On September 1, 2012, I gave a TEDx talk about “Peace Possibilities of the Poetry Classroom”. The overall theme of the day was “The Road Less Traveled,” and they had initially asked if I would give a talk on “the ups and downs of a writer’s life.” There’s no way I’d ever give a talk on a topic like that, but when I was told I could choose my own topic, I decided to work on pulling together different strands of my life… on exploring where my different selves meet. And so, I set about exploring where conflict transformation theories (especially my favorite book in the field, The Moral Imagination by John Paul Lederach) meet my poetry pedagogy. The 18 minute limit did make the whole thing feel rather simplistic, but at least I felt I’d been able to articulate some of those connections.
5 months on, my TEDx talk is finally online, but with some terrible editing. Not only is my voice following the video with a significant lag, the recording only starts 5 minutes into the talk. Lederach, who is so much a part of my framework for the whole talk, is practically absent in their recording. Either they had some massive camera failure or they really wanted me to just be a poet, not someone who has also studied conflict transformation and is trying to marry complex and “unrelated” fields!
But this is the joy of the internet — I get to put out my own version too. So, the video is embedded below, but before you watch it, do take the time to read this rough approximation of the part of the talk that preceded where the video starts… it isn’t perfect, but it’s the best I can do 5 months on.
So, you know how every time you meet someone new, the first question they ask you is “what do you do?” That’s the only time I really envy people who can say engineer, stock broker, or even “I sell ball bearings.” End of that conversation, right? My answer: “how much time do you have?”
Briefly, I’m a writer — a poet. I am an educator. And I am passionately involved in peace work — specifically in youth development and education for peace.
SLIDE <Jessica’s email: What do you think the function of poetry is?>
A good friend of mine — also a poet — recently sent me this email. This is a question that has been with me for a long time — what is the function of poetry?
I’ve always loved words. Even as a kid, I loved words so much that my Mom gave me a thesaurus for my seventh birthday! But as I grew up, I also learned to doubt words. Somewhere in between working with women affected by leprosy, building rainwater harvesting tanks and ecological stoves with indigenous farmers, and working with young people who live amidst incredible levels of violence and ethnic strife… somewhere in the middle of all that, I learned to doubt poetry — learned to push poetry away and focus on more practical concerns.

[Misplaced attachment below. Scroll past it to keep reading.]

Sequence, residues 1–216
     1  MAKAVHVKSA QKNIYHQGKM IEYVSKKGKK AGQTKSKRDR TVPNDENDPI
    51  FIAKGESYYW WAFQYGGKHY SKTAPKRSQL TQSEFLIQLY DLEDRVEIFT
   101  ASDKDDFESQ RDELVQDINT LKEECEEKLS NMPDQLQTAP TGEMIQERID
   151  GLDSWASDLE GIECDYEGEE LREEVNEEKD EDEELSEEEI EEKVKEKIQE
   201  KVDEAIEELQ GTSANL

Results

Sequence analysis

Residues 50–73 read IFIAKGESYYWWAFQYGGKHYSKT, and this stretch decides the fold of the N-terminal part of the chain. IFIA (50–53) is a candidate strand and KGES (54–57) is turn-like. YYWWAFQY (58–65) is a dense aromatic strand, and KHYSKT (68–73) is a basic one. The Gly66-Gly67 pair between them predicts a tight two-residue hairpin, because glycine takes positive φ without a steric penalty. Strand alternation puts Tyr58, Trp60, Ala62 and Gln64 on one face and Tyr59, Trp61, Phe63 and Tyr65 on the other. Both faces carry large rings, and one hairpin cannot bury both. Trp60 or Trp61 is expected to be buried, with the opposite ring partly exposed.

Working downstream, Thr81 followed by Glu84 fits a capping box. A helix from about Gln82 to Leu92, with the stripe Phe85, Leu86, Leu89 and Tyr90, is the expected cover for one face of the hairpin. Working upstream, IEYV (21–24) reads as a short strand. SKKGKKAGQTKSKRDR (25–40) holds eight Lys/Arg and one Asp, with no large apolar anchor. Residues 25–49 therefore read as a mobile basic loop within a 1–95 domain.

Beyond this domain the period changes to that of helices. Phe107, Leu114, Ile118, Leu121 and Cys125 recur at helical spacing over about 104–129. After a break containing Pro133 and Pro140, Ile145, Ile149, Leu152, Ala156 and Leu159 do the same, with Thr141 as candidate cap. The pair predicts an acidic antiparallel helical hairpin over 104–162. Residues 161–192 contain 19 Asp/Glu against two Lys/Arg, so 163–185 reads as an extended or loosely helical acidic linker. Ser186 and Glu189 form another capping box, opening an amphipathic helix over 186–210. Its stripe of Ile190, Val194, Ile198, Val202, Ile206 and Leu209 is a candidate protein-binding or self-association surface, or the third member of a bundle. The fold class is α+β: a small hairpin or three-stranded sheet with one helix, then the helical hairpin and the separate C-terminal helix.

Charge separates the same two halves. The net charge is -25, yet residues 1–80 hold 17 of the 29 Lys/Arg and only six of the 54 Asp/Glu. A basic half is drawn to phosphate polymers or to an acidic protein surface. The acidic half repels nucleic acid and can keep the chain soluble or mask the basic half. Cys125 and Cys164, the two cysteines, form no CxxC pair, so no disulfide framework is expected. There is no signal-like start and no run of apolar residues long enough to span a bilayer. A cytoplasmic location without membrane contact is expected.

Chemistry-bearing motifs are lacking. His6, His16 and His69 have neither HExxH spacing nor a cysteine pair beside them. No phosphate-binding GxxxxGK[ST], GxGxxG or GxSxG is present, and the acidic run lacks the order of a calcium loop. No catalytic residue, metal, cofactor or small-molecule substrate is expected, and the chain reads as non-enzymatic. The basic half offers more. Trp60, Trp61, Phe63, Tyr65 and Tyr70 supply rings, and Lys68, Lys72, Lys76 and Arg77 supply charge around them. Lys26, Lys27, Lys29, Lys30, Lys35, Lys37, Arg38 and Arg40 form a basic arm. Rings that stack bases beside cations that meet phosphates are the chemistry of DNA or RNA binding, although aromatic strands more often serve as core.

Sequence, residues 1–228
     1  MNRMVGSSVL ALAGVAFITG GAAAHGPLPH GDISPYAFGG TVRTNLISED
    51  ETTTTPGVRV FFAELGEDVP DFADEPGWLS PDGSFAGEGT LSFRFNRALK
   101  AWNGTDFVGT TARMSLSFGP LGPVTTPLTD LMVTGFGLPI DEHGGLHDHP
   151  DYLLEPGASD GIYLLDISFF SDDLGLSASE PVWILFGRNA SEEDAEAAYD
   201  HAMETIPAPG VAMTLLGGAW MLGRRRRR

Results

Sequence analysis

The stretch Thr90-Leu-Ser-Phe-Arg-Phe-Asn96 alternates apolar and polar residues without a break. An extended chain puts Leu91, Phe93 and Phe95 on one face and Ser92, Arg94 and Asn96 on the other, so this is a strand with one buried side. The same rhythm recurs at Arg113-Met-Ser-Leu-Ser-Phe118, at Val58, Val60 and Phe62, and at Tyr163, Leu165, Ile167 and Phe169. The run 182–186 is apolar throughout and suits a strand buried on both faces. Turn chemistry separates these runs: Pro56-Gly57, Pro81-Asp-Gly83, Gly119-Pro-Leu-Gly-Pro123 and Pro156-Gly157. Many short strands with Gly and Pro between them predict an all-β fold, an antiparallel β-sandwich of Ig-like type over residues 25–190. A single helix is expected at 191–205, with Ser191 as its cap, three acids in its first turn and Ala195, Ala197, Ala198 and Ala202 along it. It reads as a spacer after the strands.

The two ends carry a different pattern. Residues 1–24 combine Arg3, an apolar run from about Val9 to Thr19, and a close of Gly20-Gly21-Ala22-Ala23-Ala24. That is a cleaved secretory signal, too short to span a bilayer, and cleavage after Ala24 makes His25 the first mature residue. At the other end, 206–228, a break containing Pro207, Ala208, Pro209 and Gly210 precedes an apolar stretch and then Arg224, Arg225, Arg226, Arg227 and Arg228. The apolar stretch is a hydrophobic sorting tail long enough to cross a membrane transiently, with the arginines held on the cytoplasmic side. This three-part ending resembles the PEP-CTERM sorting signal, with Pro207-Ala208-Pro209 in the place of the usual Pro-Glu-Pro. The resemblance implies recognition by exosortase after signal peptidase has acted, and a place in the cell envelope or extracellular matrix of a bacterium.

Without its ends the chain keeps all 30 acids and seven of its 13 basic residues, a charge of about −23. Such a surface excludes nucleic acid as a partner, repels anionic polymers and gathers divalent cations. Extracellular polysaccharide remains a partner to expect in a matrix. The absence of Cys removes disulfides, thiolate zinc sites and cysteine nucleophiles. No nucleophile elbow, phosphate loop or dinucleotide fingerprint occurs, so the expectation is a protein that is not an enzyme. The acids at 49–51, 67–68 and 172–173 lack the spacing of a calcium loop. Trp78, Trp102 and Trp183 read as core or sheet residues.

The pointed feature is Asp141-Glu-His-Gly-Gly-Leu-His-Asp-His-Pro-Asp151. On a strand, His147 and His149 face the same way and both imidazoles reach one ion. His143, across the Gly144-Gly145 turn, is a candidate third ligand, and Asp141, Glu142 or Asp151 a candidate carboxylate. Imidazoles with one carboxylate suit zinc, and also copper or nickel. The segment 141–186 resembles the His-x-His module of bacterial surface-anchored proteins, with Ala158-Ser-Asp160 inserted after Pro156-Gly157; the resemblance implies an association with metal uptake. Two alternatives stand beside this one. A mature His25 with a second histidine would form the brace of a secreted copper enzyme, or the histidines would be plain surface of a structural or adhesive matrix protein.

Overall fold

But poetry kept coming back to me, and when I couldn’t push it away any longer, I decided to embrace it and make it matter. Today, I want to share what I’ve been discovering over the last 5 years about poetry and peacebuilding.
SLIDE <Lederach quote about overemphasis>
This is a quote from John Paul Lederach, one of the major scholars in the field of conflict transformation and peacebuilding. At the time of writing this, he had spent about two decades working with communities torn apart by civil war, ethnic strife, and developing lots of wonderful tools for analysis and systems for building peace. And then he turns around to say:
“We have overemphasized the technical aspects and political content [of peacebuilding] to the detriment of the art of giving birth to and keeping a process creatively alive. In so doing we have missed the core of what creates and sustains constructive social change.”
In another place, he writes:
Poets have cataract-peeled eyes. They notice things. They strip rough reality bare while giving us unexpected life… they rail against forgetting. And all of this they share with peacebuilders
So, I’ve been trying to figure this out — to make the most of the connections between poetry and peacebuilding, both as a poet and as en educator.
SLIDE Schirch’s Components of Peacebuilding>
Lisa Schirch, another important peacebuilding scholar, lays out these processes as the cycle of peacebuilding. You need all of them to build and sustain peace, and I locate myself in these two: building capacities for peace and transforming relationships… that’s where I come in, that’s where poetry comes in.
Let me just clarify here that peacebuilding shouldn’t be seen as just war and peace. We live in a world where violence — physical, psychological, sexual, structural (things like poverty and discrimination) — is an everyday experience. We’ve all experienced violence at some point, and many of us experience it on a regular basis. Violence is all around us, and peacebuilding needs to be as well.
So what can we teach our young people in the process of teaching them poetry?
OK, now go watch the video